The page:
Cancellara stormed to victory in the world time trial championships in Mendrisio, Switzerland last year, winning by nearly a minute and a half and he believes that if he can devote time to the attempt he could raise the bar substantially.
"With everything I've won in time trials I think it could be something good for me. I still have some other goals that I want to reach. But when I take on the record it has to be to set a long distance. I don't want to beat it by 100...
Rest of BMC preparing to gather in California
World Champion Cadel Evans has joined his teammates in Adelaide, Australia, for the Tour Down Under, while the rest of the squad is preparing to gather in Santa Rosa, California, for their first training camp.
“I'm enormously pleased to be joining my new team,” Evans said, after arriving at the team hotel on Friday evening. He will be making his debut with the US-based team.
Evans does not have to face the jet-lag that the other riders do, as he has been in his native Australia since November. He immediately joined his teammates for a training ride on Saturday morning.
The rest of the Professional Continental team will soon be gathering in Santa Rosa, California, for a training camp. Soigneurs were busy preparing supplies from the team's official apparel sponsor, Hincapie Sportswear, owned by rider George Hincapie.
The firm sent 20 boxes to the training camp, containing everything from race wear to casual clothes for both riders and staff. More than 40 boxes were also sent to the team's service base in Belgium.
Team mechanics also worked to prepared the BMC bikes, pro machine SLCO1s and racemaster SLX01s, to have things ready when the riders start arriving Saturday for the 14-day camp.
Men and women log training miles in Portugal
The first day of the Cervélo TestTeam presentation weekend saw riders, media, sponsors and guests ride together on the Portuguese Algarve. Eighty riders set off under grey skies from the Robinson Club Quinta da Ria golf resort for a short out and back ride into the hills.
The peloton was divided into five groups, called Paris-Roubaix, Milan-San Remo, Giro di Lombardia, Ronde van Vlaanderen and Paris-Tours.
Dutch sprinter and new signing for 2010 Theo Bos led the Paris-Roubaix group; Carlos Sastre led the Milan-San Remo group, Heinrich Haussler piloted the Giro di Lombardia group; Thor Hushovd was in charge of the Ronde van Vlaanderen and Milriam Melchers headed the Paris-Tours group.
Everyone wore the new 2010 Cervelo Test Team jersey which has the big Cervélo "é" on the back.
Most of the riders also had their new black and white 2010 team bikes fitted with SRAM components and Rotor chainsets. In 2009, Cervélo used Shimano components. Every bike used by guests and media for the ride had been used by a Cervélo TestTeam rider in major competition in 2009.
The weather was not great, but there were plenty of smiles and some bursts of racing on the climb to the coffee stop and in the final kilometres back to the hotel.
The men had ridden for five and half hours the day before and so used the ride as a rest day. For some of the guest and media, even the 40km ride was a test of their endurance. A few got a helpful push to make sure they got back to the hotel.
The 13 women riders and 25 men arrived in Portugal a week ago and will stay for another week of intense training.
The team will hold its official presentation on Sunday morning.
Elisabeth Armitstead (Great Britain)
Emilie Aubry (Switzerland)
Regina Bruins (Netherlands)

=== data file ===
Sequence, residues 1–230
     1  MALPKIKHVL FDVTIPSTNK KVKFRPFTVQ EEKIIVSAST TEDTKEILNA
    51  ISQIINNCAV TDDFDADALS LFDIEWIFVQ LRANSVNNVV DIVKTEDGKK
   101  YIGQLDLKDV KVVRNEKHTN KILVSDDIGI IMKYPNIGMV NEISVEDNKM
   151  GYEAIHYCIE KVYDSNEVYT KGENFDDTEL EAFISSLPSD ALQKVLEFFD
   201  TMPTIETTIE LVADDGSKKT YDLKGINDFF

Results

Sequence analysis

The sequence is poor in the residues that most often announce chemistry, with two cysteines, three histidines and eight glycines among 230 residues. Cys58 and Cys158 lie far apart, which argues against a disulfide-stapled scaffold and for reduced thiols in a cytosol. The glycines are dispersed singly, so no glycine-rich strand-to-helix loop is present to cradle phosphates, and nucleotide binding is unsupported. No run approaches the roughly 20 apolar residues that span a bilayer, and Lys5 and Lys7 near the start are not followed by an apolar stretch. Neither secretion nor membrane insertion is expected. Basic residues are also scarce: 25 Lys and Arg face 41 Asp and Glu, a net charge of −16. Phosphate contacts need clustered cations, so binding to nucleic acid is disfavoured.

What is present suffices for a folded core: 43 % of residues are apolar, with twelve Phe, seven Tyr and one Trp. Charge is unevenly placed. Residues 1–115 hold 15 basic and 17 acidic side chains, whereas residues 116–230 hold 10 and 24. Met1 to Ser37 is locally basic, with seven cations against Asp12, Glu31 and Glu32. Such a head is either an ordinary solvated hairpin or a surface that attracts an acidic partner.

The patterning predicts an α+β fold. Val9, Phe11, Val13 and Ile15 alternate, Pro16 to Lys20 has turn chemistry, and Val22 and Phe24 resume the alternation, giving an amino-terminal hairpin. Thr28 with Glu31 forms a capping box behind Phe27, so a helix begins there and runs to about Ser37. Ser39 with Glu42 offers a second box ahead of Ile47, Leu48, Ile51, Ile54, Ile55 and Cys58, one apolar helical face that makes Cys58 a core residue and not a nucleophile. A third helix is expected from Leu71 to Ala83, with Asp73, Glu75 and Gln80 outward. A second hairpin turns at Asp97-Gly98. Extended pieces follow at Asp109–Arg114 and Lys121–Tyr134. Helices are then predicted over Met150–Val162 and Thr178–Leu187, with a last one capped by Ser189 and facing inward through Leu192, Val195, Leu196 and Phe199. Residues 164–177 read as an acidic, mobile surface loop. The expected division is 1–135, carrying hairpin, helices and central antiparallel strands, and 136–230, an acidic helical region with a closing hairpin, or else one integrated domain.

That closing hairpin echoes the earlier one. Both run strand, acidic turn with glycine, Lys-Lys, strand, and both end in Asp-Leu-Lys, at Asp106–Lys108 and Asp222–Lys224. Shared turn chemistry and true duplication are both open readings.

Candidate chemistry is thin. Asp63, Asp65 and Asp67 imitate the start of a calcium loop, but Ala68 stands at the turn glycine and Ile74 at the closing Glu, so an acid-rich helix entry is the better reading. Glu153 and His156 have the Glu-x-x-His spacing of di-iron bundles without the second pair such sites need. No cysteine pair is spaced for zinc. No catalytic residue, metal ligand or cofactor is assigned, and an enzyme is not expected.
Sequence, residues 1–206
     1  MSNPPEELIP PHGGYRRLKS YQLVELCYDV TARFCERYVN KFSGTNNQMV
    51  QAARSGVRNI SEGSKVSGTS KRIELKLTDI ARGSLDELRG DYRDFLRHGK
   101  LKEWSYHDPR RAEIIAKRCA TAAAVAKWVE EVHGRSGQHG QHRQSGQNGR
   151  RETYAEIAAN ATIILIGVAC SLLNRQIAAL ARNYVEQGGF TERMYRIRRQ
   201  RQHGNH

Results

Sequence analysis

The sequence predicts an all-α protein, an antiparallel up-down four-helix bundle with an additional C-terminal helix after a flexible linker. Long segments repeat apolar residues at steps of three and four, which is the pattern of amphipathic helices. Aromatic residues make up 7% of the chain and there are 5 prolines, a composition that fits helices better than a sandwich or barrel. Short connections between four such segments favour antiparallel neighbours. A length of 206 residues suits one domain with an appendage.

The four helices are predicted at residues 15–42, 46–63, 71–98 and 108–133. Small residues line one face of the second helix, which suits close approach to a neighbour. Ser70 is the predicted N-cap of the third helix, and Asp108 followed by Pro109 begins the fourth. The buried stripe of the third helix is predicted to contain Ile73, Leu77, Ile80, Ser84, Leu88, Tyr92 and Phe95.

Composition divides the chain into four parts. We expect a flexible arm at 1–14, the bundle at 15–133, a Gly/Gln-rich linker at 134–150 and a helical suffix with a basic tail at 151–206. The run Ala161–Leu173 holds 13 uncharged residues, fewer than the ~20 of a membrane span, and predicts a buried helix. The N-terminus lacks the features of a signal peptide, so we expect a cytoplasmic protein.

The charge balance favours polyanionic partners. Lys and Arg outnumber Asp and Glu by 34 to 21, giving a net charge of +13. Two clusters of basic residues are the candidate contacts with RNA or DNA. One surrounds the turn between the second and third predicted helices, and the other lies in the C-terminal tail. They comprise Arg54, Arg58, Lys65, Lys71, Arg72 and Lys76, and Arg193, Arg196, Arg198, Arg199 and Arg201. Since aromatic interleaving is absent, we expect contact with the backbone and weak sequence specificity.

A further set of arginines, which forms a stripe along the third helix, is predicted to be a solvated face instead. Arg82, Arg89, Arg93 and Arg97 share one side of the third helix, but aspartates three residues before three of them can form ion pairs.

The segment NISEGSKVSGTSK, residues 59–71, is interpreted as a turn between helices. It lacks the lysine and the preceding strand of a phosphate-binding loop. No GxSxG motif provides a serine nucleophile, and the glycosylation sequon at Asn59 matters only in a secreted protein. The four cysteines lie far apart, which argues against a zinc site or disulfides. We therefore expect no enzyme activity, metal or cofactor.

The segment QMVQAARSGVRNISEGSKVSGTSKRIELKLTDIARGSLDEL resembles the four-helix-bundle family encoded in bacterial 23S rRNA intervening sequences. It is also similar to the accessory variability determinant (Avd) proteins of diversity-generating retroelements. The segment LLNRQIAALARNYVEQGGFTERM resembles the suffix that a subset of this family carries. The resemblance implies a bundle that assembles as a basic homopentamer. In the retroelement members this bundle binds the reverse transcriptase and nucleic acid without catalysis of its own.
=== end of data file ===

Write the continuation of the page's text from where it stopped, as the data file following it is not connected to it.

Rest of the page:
Lieselot Decroix (Belgium)
Sarah Düster (Germany)
American excited about new team
With his first Team RadioShack training camp under his belt, Levi Leipheimer is ready to embark on the 2010 season. However the three-time Tour of California winner will be easing himself into the season and unlike the last three years, he will make his racing debut in Europe.
Leipheimer spent 10 days of December at the team's training camp in Tucson, Arizona, and despite an illustrious career with teams like USPS, Rabobank, Gerolsteiner and Astana, he was still excited about pulling on another new jersey. "It was great. As far as training goes, it was low key. It was mainly about getting together, meeting new riders, sponsors and getting our new bikes and equipment," he said to Cyclingnews.
"There were lots of logistical things to get out of the way so we can start the new year dialled in."
Unlike his experience at Rabobank and Gerolsteiner, Leipheimer will be racing alongside Lance Armstrong once again, as they he did in Astana colours last year. Leipheimer is still taken aback by how much publicity and media interest the seven-time Tour winner receives.
"The biggest difference was having Lance around and the attention on the team, there's a lot more media. Everything that goes on around him and Livestrong requires a lot more work than anything I've ever seen before. He's a busy guy, but RadioShack wouldn't be a team without Lance."
Despite the media distractions, Leipheimer reaffirmed his racing goals and confirmed that the Tour of California is his biggest goal of the season. But with a new race date, the American has had to restructure his training programme. Leipheimer is one of the best riders at starting out strongly in the season, yet May’s new race date has meant that he has started 2010 in a much slower fashion, shying away from an early peak in form.
"I have to structure my season differently and am starting out a little slower and in Europe. I can't be in the same form I was in...
Doctors see good chances of recovery
Matthias Kessler was not wearing a helmet when he crashed earlier this week on Majorca. The German has been placed in an induced coma, but the outlook for his recovery is better now.
His father Karlheinz and brother Andreas have flown to Majorca. Karlheinz Kessler confirmed that his son was not wearing a helmet when he swerved to avoid a cat and crashed head-first into a wall, suffering a fractured skull.
The 30-year-old underwent surgery to have blood clots removed and was subsequently placed in an induced coma to facilitate recovery. "The doctors are confident that he will recover," said the father to the Nürnrberger Nachrichten newspaper.
Spanish sources say that Kessler is still in critical condition.
Kessler served a two-year suspension for doping, and hoped to return to the peloton. "He was planning to come back to the sport again," Karlheinz Kessler said. He had not signed a contract for the current season but was said to have a verbal agreement with several teams.